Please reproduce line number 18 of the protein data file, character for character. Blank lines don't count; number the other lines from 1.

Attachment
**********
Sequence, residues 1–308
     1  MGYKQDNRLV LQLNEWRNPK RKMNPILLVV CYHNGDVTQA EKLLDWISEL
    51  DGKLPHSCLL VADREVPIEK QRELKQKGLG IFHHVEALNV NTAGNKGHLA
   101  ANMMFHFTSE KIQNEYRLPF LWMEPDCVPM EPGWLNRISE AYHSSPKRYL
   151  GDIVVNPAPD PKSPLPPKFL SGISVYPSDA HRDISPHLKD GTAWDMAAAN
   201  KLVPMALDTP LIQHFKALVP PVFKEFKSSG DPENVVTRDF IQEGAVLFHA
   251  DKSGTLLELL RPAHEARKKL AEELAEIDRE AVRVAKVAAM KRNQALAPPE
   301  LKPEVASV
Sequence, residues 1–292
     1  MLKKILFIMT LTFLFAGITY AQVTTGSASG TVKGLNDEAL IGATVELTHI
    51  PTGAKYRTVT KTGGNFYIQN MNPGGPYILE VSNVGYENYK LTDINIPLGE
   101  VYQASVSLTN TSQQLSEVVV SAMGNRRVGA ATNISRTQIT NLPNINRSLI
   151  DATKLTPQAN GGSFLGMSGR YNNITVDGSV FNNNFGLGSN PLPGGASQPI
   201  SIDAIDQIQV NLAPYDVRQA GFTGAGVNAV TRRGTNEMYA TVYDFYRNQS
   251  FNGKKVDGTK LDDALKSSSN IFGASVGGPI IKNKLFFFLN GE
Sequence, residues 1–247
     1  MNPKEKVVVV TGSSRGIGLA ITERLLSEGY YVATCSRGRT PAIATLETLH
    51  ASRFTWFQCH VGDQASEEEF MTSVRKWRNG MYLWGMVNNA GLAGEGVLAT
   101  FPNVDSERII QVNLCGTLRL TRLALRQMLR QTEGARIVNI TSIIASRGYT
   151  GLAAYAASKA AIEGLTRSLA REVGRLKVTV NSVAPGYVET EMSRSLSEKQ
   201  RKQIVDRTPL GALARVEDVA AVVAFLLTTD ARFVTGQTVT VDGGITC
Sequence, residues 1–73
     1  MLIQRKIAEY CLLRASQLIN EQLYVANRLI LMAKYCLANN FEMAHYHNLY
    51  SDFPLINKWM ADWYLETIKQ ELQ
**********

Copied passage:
    51  ASRFTWFQCH VGDQASEEEF MTSVRKWRNG MYLWGMVNNA GLAGEGVLAT